you do not have an easy method of backing up then may I suggest the
purchase of an Iomega Zip Drive. This unit has an advantage that you
can also make use of it later under Linux.

When you are sure that you have a complete and verified backup the next
stage is to spring clean your machine so there is room for Linux. To
give yourself a fair chance of seeing all that Linux has to offer at
least 150 MB of unused disk space is required.

If you have a hard disk of 1 GB or more consider allowing at
least 300MB for Linux. It will be considerably more difficult adding
more space later if you are mean at this stage.

How you do this spring cleaning I leave to you. Ask yourself “Do I really ever use?” various software packages that we all seem to collect, especially from magazine cover disks 😉

I am now making the assumption that you are running a single OS on your
PC, either DOS/Windows or Windows95 (where DOS is alive but gone into hiding).
I am also assuming that your hard disk is only visible as a single drive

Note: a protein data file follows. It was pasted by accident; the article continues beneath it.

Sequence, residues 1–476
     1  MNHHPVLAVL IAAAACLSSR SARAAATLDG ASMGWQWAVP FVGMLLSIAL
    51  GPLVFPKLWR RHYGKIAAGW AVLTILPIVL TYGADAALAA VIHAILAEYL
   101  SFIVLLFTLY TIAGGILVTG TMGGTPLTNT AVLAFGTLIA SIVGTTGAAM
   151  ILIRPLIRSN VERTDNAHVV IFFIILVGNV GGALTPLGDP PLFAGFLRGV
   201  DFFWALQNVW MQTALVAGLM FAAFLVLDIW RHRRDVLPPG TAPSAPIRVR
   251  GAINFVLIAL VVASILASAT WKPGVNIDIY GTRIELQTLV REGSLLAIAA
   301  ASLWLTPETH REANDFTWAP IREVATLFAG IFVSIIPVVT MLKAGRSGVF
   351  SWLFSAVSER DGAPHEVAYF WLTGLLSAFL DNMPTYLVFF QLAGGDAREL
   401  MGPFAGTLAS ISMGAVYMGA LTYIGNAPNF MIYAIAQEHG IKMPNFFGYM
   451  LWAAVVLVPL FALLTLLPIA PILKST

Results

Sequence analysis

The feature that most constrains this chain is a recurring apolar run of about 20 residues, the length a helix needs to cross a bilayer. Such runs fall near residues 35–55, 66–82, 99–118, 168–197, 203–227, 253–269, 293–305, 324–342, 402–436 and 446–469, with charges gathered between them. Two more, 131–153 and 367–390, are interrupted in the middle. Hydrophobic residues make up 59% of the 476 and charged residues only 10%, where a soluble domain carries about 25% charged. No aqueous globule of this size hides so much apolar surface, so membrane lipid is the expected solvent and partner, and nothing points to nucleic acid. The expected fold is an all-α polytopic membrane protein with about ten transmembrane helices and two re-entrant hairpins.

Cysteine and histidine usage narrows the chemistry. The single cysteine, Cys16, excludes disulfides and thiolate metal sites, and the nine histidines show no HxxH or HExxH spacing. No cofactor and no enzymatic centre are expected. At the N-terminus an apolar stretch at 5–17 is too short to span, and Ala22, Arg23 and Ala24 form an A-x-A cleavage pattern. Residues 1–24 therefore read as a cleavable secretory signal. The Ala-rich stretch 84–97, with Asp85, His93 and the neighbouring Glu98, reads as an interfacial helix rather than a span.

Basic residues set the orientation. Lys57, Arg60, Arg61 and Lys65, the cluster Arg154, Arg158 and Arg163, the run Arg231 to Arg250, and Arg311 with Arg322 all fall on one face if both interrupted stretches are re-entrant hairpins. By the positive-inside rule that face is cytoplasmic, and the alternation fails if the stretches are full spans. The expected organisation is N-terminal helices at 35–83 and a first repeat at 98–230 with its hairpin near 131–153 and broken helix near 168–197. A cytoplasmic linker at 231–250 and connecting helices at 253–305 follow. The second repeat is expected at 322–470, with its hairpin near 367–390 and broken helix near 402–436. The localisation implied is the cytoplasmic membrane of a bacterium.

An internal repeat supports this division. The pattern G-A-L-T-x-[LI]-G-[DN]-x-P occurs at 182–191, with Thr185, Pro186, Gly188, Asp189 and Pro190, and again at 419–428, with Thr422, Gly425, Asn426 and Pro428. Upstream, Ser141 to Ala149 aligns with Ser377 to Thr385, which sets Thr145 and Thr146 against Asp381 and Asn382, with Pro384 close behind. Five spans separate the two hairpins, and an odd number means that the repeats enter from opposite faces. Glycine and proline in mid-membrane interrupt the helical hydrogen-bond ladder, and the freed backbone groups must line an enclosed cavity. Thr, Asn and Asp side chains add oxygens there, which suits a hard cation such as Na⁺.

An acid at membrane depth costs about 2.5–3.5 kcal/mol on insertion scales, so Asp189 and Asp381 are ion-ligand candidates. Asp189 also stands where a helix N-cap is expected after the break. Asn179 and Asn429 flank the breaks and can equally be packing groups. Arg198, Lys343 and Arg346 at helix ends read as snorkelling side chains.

letter C:. If you are already running with some of your hard disk
visible as other drive letters then please make sure that you understand what you are doing and how your hard disk is partitioned rather than following these instructions blindly.

The next stage will be running your operating systems de-fragmenter to
move all files that remain to the beginning of the disk. There are many
different de-fragmenters such as Norton Speed Disk if you have an old
DOS system or Microsoft’s DEFRAG.EXE if you have DOS 6 or Windows 95.
Force the defragmenter to do the most through job even if it claims that the disk is only slightly fragmented.

What we really want it to do is shuffle all the empty space to one end of the disk so that we can re-claim it for Linux.

When the de-fragmenter has done its job make yourself a bootable
floppy disk

FORMAT A: /s